Hot springs are the best for relaxingrejuvenatingescapingadventuring

Reconnect with your primal roots and experience a getaway at Halfway Hot Springs.

Located almost literally "halfway" between Nakusp and Revelstoke, these springs are bubbling right out of the hillside along a river. The springs feed via an amateur tube network into stone lined mud-bottomed pools. For most, the area is only an hour's drive away from the frenetic nature of city life, including cell service. Disconnect, relax, and rejuvenate.

We do not own the hot springs, as they are publicly owned by the Province of British Columbia; however, we are the best and most definitive site on the internet for all things about the springs!

Respect the Springs

The springs gained massive popularity in the early 2010s, notably due to the increase of internet blogging and word-of-mouth at local festivals like Shambhala. Often guests were leaving behind garbage and acting inappropriately. The site was falling into a state of disrepair — despite the efforts of a large number of local volunteers.

Luckly, in August 2016, Halfway Hot Springs was developed by BC Parks. The new site host (Robert "Bob" Moody) lives on and maintains the site. There are now nightly fees per party from May to October.

Please respect the area, pack out what you pack in, and adhere to the posted rules.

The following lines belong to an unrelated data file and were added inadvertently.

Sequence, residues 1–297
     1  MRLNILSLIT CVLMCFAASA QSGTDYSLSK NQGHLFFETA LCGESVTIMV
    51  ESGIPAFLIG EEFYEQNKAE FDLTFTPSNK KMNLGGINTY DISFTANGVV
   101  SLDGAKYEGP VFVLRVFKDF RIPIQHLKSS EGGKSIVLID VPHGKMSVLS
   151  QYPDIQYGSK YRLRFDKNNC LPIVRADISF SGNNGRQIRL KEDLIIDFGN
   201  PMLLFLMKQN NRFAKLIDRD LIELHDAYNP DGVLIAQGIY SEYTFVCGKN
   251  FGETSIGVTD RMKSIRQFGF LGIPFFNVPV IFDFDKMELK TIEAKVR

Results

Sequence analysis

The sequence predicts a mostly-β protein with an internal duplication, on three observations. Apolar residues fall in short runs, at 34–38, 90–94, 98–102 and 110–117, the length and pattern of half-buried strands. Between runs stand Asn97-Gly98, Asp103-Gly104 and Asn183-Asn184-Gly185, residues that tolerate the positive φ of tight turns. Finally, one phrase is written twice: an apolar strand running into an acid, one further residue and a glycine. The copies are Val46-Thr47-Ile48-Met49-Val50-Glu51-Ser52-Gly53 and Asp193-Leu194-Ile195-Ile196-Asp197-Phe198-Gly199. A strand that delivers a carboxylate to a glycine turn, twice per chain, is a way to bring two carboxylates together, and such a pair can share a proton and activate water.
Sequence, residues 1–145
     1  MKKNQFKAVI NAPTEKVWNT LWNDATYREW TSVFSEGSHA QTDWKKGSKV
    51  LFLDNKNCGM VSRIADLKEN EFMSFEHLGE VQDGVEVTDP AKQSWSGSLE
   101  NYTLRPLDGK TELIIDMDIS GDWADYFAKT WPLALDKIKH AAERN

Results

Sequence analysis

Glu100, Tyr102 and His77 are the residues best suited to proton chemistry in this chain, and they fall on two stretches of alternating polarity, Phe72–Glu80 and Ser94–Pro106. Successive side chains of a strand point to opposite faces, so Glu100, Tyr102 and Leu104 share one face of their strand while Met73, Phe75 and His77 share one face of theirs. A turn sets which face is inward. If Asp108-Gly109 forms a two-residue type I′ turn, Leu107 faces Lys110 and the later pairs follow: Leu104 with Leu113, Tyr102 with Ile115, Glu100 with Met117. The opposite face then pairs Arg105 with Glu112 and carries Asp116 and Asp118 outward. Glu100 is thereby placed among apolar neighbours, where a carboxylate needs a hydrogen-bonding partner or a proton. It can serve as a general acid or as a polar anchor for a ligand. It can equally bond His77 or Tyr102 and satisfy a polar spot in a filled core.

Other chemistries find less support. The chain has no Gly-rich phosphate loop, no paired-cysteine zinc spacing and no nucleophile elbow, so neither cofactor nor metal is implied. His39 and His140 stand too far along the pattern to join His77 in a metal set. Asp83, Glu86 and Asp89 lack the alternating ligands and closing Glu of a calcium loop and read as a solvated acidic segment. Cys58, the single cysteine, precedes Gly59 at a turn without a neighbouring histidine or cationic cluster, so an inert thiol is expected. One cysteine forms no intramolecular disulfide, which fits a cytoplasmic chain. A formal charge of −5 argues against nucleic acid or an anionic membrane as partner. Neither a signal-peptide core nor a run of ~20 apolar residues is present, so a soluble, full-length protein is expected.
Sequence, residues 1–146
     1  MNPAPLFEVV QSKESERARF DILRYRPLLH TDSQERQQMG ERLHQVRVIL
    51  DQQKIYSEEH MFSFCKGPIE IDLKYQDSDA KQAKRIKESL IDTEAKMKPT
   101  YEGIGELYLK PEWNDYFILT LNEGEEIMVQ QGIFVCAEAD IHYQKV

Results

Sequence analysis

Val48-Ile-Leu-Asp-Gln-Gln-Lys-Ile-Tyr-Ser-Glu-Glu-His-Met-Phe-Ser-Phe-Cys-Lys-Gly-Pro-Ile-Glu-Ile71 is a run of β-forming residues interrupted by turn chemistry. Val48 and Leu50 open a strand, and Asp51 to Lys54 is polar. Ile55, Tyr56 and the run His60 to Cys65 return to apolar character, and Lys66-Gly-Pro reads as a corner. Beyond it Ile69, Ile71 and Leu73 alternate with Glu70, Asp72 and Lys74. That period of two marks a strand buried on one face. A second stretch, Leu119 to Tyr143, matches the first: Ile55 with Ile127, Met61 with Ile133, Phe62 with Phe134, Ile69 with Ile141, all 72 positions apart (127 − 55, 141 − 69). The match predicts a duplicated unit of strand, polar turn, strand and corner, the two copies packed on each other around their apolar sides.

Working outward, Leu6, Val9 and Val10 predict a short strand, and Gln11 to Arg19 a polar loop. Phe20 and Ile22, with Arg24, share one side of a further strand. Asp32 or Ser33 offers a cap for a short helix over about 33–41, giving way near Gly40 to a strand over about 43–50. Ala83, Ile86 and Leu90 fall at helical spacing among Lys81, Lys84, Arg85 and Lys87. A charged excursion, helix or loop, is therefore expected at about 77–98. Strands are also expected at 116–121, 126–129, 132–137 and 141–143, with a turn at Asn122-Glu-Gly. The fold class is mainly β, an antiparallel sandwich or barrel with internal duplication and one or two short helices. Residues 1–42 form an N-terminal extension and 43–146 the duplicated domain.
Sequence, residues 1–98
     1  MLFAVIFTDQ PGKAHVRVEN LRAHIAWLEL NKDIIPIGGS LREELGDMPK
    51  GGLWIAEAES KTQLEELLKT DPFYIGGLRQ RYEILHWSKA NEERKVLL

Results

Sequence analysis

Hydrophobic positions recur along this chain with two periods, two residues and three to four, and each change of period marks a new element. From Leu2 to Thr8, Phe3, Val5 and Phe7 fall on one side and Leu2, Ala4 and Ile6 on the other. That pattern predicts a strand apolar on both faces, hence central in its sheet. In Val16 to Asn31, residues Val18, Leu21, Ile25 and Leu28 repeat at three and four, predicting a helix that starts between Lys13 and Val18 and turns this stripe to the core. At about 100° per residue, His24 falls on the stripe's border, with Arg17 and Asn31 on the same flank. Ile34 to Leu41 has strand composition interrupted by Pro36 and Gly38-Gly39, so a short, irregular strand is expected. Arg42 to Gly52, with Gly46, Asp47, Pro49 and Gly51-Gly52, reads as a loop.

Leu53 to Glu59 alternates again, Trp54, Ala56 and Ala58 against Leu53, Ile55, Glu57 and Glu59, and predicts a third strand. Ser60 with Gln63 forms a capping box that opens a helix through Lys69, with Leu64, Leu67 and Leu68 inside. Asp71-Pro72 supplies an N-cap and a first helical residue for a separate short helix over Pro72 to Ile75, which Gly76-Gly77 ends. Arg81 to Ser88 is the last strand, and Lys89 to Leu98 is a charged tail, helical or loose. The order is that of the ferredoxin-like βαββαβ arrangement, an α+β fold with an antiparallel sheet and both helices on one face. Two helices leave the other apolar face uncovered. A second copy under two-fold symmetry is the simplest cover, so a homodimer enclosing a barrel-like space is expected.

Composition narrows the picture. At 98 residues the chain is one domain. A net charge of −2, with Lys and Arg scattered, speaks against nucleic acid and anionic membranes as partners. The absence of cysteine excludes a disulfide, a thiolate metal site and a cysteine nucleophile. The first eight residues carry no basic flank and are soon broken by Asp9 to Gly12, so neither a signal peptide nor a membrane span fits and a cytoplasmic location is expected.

Access & Amenities

There are a few outhouses, but that is where the amenities end. Most of the campsites now have fire-pits, massive BC Parks-style tables, and a sand tent pad. Bring your own firewood (but some is often sold on site), toilet paper, clean food, drinking water (or pump), and all of the other usual camping gear.

Pack lightly, efficiently, but completely. The short hike down is very steep to the springs, so adequare footwear is a must. It should take no longer than 10 minutes to descend to the river and springs.

Camping is now only permitted near the parking area prior to the descent; visitors can no longer camp alongside the river at the springs.

  • Plenty of poison ivy throughout the area
  • The drive to Halfway includes a very rough forest service road. This is poorly maintained and can be tricky at best in a small car, but it is doable. 4x4- capable vehicles are highly recommended due to the sheer number of potholes.
  • The forest service road is often snowy right up until mid to late April. Weather then deteriorates around the mid to end of October, leaving the best and most popular travel dates mid-May through mid-October.
  • Dangerous animals (such as bears) nearby
  • The hike down is very short (less than one kilometre), but it traverses down a very steep embankment. Recently, stairs have been added to aid adventurers. Bring adequate footwear.
  • Avoid visiting the springs a!er the Shambhala music festival as it is often overrun with festival goers.
  • No cell phone or electrical service
  • No first aid services on-site
  • Clothing is unofficially optional for many guests. However, public nudity in Canada is still illegal and we have heard stories of police arriving during popular times to search for drugs and stop criminal activity.